A 13-day underwater expedition near the Greek islets of Fourni, between the eastern Aegean islands of Samos and Ikaria, revealed an unimaginable treasure a month ago, when marine archaeologists discovered the remains of 22 shipwrecks, some over 2,500 years old.
“What is astonishing is not only the number of the shipwrecks but also the diversity of the cargoes, some of which have been found for the first time,” underwater archaeologist George Koutsouflakis told Discovery News.
Considered one of the top archaeological finds of 2015 and never scientifically documented before, over half the wrecks date to the Late Roman Period, with the remaining finds spanning from the Archaic Period to the Classical and Hellenistic through the Late Medieval Period.
The joint Greek-American expedition, which included archaeologists from the Greek Ephorate of Underwater Antiquities, the US-based RPM Nautical Foundation as well as local sponge divers, fishermen and free divers, was funded by the Honor Frost Foundation, a UK charity backing research in the eastern Mediterranean.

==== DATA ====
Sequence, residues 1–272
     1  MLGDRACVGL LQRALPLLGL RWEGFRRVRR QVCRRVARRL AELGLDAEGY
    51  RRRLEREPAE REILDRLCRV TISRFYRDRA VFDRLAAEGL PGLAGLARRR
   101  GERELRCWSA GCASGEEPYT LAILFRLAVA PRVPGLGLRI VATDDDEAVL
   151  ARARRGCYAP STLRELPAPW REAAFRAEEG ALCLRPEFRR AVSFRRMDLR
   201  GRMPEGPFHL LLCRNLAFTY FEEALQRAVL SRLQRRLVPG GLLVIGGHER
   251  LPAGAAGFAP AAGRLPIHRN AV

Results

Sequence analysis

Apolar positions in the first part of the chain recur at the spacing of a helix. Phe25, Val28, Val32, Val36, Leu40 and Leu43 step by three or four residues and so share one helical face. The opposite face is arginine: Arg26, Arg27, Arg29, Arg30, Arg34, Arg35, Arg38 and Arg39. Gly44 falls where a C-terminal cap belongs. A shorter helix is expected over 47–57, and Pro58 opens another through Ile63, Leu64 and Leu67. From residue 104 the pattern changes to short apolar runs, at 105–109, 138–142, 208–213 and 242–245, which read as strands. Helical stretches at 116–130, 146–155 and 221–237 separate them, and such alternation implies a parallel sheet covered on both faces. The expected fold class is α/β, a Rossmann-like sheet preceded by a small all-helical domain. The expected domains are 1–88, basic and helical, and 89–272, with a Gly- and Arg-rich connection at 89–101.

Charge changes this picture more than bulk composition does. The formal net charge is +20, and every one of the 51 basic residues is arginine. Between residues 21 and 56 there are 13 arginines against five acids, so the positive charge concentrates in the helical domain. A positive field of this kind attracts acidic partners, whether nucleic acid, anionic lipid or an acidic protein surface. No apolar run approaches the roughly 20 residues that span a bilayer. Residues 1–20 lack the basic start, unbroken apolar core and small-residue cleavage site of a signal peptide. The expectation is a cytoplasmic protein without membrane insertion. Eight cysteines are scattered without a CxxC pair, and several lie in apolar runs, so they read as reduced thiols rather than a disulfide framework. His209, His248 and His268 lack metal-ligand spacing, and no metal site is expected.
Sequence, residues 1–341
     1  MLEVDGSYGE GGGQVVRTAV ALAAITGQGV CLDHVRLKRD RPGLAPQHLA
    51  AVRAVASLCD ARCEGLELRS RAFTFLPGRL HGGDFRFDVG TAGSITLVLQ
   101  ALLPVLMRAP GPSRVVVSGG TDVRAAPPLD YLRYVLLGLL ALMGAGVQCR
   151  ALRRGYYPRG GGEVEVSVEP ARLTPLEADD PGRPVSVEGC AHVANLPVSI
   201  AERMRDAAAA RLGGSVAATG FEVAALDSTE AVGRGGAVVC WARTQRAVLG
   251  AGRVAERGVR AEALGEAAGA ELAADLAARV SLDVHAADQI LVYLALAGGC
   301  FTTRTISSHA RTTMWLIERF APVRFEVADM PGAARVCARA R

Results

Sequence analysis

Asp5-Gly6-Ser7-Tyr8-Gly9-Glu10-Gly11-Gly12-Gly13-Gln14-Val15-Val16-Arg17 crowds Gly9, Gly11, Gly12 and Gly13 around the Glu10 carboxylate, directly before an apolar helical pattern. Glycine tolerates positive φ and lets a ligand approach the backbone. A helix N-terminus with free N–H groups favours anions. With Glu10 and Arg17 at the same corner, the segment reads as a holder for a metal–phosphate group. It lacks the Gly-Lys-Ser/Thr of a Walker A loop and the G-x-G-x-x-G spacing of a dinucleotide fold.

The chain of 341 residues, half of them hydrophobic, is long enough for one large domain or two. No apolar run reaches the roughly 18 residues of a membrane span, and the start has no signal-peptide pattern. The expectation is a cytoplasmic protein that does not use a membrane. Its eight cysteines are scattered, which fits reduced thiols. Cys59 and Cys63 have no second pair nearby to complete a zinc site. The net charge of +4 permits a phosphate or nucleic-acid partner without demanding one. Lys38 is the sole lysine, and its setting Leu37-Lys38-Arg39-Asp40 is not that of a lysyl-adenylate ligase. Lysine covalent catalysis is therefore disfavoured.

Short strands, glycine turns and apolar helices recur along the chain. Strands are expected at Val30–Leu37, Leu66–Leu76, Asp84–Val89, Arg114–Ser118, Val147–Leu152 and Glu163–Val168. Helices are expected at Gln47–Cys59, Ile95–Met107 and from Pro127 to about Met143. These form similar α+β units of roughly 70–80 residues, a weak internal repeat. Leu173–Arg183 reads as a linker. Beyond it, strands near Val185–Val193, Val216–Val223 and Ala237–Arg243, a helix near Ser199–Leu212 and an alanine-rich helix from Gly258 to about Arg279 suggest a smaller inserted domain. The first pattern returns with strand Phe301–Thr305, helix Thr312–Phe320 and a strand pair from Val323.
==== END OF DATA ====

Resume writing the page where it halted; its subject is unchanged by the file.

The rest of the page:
“Surpassing all expectations, over only 13 days we added 12 percent to the total of known ancient shipwrecks in Greek territorial waters,” Peter Campbell, co-director of the project from RPM Nautical Foundation, told Discovery News.
“We plan to return to Fourni next year to continue the survey,” he added.
Fourni, is an island complex that lies between Ikaria, Samos and Patmos in North Aegean region, which has served for centuries as a major trade route connecting the Aegean to the Levant and Asia Minor.
To see photos from the shipwrecks found in the Greek expedition, press here.